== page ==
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Film Review: Dying of the Light

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It’s hard to work out if Nicholas Cage is a tragic figure or a clever post-modern reinvention of a hasbeen movie-star. Every time you think he’s on the right track, he makes something like this.

The really interesting figure here, however, isn’t in front of the camera but behind it. Paul Schrader (yes, the one who directed The Canyons starring Lindsay Lohan) tries to do something interesting with this uneven terrorist-action-crime movie but fails to make it very memorable.

The plot, which often feels like it’s running away with itself, concerns a weather-beaten CIA officer (Cage) who ends up spending his later days battling dementia and warring with an old enemy. He also has Anton Yelchin to help him (never a bad thing), although the two make for an awkward pairing rather than a match made in cinematic heaven. Yelchin is also present in the scene’s most gory and edgiest scene, though I’m not going to ruin the surprise by saying when and where this occurs.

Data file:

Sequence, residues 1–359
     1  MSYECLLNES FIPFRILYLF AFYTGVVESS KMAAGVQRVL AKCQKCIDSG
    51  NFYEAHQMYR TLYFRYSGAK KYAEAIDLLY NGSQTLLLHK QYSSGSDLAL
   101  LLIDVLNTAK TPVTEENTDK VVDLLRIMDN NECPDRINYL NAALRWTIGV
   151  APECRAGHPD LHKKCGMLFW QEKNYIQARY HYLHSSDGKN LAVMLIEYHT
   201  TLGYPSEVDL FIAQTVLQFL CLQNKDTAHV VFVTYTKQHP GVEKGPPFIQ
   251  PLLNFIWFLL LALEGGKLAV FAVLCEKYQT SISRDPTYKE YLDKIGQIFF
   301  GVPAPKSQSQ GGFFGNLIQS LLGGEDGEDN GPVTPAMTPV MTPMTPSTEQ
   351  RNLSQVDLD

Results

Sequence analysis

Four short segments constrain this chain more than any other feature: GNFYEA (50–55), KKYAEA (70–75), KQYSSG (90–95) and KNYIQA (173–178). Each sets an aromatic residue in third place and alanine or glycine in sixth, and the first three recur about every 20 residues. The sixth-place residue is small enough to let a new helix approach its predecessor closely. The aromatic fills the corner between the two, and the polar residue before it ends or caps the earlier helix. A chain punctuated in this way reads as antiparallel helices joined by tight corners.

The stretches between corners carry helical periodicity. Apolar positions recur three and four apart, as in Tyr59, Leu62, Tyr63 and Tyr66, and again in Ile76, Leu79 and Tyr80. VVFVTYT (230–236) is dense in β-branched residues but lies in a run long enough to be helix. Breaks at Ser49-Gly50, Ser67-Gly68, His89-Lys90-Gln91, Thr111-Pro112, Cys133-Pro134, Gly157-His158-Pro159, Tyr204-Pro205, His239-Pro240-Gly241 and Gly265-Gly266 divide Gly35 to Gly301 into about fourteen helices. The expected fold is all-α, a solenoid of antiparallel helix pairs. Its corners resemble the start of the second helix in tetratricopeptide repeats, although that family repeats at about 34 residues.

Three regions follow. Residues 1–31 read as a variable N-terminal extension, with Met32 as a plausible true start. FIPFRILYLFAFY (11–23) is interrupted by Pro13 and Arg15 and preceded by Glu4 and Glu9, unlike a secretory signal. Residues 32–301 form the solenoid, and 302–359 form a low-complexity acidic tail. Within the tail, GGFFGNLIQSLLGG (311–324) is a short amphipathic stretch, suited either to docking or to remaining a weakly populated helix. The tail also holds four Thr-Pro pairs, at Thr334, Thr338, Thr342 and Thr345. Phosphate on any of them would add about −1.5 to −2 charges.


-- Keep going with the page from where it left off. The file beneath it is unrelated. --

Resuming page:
If Dying of the Light feels like a bird with clipped wings, that’s because it is, as after shooting the financial backers of the picture re-edited it and turned out a cut that Schrader refuses to acknowledge. He has disowned it, which leaves you to wonder what his director’s cut would have been like. Better than this, probably.

Dying of the Light (2014), directed by Paul Schrader, is released in UK cinemas and on VoD by Signature Entertainment, Certificate 15. Watch the trailer below:


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